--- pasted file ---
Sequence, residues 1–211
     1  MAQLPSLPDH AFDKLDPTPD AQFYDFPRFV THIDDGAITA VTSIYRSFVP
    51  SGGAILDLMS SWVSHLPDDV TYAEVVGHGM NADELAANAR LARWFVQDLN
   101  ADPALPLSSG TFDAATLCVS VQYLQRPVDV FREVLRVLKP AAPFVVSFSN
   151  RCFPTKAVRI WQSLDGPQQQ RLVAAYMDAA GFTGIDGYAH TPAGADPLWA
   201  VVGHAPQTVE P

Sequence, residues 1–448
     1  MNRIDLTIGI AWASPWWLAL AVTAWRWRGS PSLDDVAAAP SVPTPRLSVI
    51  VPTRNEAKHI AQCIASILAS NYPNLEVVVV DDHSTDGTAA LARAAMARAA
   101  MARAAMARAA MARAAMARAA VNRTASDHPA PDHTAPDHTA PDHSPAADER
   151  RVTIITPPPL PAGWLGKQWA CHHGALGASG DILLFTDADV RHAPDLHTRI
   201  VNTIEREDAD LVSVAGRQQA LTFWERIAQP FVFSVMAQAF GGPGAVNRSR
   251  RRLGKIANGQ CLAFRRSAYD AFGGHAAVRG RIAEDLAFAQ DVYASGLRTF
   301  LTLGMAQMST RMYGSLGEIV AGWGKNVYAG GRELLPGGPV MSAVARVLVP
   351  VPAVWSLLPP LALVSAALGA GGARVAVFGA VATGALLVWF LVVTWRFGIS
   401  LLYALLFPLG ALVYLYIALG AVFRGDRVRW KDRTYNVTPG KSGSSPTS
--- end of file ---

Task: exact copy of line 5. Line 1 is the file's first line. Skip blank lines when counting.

   151  RCFPTKAVRI WQSLDGPQQQ RLVAAYMDAA GFTGIDGYAH TPAGADPLWA